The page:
I have a strong view on the merits but don’t seek to convince you here. Instead I want to direct your attention to some of the most extreme and ridiculous threat letters I’ve ever encountered in my First Amendment practice, which is roughly 21 years old now (old enough to drink and to need to).
I represent Elizabeth Robison, a former Whittier College employee and active member of the Whittier College community. Ms. Robison has exercised her First Amendment rights about the controversy surrounding Whittier College. Whittier College’s response was a series of shocking - and I use that term advisedly — letters vaguely and ambiguously threatening her. The letters are linked in the Times article, and also on this page posted by Save Whittier College. The second threat letter is particularly notable. It includes very frank demands that Ms. Robison stop criticizing Whittier and its leadership, completely lacking any serious effort to suggest how her speech is outside First Amendment protection:
The letter goes on to demand that Ms. Robison stop criticizing Whittier’s President and claiming that criticizing her is a civil rights violation:
This is, of course, sheer nonsense. There is no plausible argument that Ms. Robison can be prohibited from undermining the “reputation, authority, and position” of a college president, absent an applicable First Amendment exception. There isn’t one. It’s similarly simply lunatic to assert that a member of the college community, by criticizing a college president, is violating civil rights laws.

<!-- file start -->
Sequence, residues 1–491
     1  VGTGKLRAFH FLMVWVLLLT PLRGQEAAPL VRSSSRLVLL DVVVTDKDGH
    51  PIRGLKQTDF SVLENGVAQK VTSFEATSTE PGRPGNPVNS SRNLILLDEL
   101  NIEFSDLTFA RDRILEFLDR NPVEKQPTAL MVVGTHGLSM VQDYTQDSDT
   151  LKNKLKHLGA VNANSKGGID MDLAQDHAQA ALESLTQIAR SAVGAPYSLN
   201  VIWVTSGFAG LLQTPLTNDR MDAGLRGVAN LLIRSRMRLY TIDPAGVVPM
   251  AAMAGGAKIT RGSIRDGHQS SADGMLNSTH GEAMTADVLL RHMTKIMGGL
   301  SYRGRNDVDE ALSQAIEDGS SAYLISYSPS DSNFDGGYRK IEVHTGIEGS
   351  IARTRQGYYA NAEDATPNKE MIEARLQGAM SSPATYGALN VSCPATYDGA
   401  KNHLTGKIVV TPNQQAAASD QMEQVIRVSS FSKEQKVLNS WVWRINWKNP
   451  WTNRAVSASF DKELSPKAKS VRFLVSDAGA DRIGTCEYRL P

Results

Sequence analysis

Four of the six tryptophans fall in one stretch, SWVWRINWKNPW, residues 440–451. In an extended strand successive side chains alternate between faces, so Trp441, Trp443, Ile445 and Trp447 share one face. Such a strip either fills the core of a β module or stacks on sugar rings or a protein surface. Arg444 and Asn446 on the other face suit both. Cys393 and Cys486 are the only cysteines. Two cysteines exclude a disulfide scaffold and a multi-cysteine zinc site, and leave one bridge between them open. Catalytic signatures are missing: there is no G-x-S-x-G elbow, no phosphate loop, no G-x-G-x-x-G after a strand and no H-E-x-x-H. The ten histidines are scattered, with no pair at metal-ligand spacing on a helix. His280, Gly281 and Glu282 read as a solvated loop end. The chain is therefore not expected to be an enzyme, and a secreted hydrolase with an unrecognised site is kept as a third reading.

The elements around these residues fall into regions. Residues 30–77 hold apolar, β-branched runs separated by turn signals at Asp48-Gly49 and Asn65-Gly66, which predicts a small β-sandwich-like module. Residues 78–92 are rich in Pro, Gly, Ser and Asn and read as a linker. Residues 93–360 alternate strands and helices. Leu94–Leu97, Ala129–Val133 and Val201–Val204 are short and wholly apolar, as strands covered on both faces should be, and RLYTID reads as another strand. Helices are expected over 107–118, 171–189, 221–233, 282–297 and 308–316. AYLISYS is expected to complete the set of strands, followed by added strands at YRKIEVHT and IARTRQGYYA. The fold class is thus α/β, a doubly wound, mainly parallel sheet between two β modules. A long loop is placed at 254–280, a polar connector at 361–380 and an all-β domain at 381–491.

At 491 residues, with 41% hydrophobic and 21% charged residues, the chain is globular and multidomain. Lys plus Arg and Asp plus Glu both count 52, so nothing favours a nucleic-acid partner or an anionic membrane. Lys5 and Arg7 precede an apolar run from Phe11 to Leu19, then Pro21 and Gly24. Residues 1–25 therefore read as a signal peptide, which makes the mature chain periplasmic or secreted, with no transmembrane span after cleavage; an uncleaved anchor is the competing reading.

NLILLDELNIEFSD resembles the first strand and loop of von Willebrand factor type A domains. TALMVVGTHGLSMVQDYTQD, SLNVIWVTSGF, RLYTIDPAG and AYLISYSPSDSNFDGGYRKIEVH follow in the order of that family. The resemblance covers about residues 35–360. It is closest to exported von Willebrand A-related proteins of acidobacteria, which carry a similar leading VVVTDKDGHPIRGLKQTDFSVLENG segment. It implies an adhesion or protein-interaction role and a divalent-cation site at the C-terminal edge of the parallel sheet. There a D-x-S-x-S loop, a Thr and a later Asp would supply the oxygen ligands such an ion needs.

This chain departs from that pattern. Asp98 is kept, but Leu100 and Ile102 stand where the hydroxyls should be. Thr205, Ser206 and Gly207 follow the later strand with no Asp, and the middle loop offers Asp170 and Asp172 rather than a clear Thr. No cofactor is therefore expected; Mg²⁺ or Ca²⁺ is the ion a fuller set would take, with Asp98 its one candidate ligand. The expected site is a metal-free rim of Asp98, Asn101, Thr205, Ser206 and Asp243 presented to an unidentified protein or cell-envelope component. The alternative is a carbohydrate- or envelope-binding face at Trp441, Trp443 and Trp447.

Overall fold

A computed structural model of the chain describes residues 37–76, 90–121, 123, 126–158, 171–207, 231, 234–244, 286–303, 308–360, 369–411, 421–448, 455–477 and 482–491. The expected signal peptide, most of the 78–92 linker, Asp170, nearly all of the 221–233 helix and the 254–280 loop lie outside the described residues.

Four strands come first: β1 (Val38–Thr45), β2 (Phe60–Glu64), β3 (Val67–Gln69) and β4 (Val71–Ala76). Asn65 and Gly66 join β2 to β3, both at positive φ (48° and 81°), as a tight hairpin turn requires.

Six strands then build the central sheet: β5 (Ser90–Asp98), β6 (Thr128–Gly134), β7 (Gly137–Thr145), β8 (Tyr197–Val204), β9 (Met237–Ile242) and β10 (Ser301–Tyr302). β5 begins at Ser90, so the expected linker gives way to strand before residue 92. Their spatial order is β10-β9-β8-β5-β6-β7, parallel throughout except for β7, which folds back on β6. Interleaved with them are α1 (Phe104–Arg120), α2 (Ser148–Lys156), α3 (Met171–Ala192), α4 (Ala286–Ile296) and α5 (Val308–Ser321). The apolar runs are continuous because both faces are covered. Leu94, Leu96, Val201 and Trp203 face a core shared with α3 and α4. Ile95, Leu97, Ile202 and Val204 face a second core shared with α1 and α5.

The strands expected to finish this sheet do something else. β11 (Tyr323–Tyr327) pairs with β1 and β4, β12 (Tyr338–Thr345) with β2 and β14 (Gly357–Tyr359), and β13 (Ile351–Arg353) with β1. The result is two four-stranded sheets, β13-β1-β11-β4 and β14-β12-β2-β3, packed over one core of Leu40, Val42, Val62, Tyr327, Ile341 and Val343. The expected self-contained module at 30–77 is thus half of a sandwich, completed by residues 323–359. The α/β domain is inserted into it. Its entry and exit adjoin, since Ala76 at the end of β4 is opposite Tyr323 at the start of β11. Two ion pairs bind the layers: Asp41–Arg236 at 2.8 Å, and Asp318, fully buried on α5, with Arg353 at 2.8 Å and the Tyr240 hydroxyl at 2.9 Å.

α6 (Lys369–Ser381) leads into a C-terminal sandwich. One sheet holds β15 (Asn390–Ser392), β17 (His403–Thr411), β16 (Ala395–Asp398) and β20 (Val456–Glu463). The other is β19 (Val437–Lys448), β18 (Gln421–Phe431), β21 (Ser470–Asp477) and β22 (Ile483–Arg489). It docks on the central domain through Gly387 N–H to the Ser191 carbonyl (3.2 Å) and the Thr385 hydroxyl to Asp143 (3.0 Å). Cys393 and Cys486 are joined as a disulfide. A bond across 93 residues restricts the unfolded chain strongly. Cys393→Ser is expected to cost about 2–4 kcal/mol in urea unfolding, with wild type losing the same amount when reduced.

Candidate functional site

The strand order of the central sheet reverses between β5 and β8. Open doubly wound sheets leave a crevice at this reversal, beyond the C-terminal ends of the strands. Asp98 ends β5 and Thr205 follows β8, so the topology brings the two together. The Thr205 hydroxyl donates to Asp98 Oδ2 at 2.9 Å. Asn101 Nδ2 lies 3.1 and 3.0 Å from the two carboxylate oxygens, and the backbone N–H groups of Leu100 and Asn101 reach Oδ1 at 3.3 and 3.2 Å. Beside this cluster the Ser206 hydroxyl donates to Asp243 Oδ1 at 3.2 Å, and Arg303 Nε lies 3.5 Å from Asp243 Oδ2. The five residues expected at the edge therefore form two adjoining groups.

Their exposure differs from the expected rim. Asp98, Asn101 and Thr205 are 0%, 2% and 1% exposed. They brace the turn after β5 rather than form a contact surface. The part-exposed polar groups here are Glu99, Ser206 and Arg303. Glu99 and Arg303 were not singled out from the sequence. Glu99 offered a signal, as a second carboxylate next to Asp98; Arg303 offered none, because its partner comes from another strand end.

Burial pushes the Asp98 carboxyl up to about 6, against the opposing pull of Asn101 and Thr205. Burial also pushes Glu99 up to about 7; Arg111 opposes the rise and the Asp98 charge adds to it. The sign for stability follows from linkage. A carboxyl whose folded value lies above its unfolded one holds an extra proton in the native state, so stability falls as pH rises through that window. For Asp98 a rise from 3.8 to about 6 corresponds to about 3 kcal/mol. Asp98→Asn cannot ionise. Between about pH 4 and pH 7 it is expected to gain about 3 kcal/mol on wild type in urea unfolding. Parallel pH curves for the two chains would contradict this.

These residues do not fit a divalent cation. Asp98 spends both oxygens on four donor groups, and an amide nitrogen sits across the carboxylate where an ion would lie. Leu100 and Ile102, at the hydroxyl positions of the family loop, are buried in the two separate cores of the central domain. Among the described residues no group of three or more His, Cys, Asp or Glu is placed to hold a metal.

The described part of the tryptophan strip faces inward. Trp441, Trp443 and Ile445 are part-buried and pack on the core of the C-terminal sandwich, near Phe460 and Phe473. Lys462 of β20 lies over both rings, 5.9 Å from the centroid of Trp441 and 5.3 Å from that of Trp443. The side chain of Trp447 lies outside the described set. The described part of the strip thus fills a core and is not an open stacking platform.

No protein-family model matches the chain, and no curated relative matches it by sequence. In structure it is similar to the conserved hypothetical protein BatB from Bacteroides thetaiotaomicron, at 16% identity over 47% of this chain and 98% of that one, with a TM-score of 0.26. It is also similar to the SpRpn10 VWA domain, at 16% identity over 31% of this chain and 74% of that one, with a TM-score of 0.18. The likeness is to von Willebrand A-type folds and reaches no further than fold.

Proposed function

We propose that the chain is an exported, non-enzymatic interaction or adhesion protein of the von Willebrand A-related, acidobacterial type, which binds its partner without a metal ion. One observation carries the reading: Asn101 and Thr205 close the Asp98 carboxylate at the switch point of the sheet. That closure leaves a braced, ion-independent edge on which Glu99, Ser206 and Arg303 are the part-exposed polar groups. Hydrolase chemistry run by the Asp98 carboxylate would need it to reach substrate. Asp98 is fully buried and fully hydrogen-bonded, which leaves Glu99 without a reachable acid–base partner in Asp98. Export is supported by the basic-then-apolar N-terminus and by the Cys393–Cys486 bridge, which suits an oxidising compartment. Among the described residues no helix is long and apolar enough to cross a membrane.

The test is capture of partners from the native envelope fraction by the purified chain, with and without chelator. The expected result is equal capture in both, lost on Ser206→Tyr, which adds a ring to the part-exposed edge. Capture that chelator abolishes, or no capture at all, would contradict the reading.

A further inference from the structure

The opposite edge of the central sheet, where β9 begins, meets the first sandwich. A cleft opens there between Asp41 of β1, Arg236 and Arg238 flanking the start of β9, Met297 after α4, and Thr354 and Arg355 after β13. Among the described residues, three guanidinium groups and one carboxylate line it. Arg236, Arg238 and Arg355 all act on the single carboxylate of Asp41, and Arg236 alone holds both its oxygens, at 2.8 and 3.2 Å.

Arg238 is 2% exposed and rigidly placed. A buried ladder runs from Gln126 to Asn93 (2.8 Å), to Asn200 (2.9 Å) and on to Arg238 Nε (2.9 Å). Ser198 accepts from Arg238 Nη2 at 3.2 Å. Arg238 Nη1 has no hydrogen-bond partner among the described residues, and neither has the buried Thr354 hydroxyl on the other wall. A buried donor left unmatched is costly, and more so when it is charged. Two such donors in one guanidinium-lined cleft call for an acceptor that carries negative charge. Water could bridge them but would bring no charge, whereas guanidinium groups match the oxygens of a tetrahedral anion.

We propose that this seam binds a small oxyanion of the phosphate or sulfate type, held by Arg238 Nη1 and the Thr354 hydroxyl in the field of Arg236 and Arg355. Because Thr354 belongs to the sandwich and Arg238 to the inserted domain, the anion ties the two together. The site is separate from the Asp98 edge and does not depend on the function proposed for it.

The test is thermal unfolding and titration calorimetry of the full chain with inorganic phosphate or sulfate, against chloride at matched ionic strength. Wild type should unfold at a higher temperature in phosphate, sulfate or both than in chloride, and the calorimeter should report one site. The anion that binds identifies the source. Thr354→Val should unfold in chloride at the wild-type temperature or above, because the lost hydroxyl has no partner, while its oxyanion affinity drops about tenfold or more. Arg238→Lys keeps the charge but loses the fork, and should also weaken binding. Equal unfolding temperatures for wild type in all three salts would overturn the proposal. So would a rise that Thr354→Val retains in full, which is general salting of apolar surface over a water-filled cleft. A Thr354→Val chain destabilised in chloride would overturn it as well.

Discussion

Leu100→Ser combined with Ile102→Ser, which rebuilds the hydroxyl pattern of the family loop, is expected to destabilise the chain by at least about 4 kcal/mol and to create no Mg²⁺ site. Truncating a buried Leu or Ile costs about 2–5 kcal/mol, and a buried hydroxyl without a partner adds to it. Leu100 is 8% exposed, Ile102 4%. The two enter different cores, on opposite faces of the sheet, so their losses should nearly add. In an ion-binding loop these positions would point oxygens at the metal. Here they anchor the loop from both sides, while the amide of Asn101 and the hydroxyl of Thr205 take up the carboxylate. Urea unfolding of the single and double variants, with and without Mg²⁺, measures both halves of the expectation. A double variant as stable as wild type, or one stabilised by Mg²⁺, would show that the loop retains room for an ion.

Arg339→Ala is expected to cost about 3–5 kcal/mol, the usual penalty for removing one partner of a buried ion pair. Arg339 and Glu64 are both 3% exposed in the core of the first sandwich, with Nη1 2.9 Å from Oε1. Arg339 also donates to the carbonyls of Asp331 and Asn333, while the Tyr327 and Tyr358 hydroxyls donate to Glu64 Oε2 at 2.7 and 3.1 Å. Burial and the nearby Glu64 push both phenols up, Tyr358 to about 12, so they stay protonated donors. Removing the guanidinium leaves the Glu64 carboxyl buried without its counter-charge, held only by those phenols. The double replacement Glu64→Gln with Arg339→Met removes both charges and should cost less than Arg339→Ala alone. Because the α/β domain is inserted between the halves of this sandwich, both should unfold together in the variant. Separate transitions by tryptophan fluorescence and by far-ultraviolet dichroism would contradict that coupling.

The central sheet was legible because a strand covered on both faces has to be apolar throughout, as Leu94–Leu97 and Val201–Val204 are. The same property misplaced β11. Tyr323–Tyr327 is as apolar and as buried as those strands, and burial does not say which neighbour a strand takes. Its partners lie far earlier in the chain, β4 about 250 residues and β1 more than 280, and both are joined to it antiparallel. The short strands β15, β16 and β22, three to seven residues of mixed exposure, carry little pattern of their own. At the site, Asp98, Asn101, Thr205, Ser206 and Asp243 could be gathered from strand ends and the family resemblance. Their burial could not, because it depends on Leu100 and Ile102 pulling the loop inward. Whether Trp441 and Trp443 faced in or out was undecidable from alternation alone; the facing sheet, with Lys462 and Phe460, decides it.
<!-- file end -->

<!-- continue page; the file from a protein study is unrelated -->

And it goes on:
I wrote a letter in response. It’s linked on the Save Whittier College page. It is perhaps not the most friendly or diplomatic letter I’ve ever written, but I confess: I was completely stunned by the bad faith effrontery of Whittier College’s threats. Whittier College hasn’t responded. They also haven’t sued. If they file a frivolous defamation claim, I will — to use decorous and technical legal terms — beat them incontinent with California’s anti-SLAPP statute. The behavior of Whittier College and its attorneys is shameful. Whittier is supposed to be an institution of learning devoted to free expression. It’s flailing around with wild, ignorant legal threats like a disturbed pro se. It is not acting like a college worthy of respect.
Here’s the problem. Elizabeth Robison has the resources and sophistication to find and hire a lawyer. Most people don’t. As buffoonish as Whittier College’s threat letters are, foolish and meritless (albeit perhaps not to this degree) threat letters get sent by the dozen, every day. Attorneys helping people respond pro bono are sweeping back the ocean.
What can we do about this particular form of censorship? A few things. We need to make efforts to educate the American public about its free speech rights so they aren’t so easily cowed. We need to create accessible resources spelling out their free speech protections in comprehensible, non-jargon ways. We need to create institutions that are available to offer advice and pointers, and encourage more lawyers to write pro bono responses to protect the speech of people who can’t afford lawyers. And we need to inflict marketplace-of-ideas consequences on the would-be plaintiffs and their lawyers who make these threats. They should be called out, condemned, and shunned.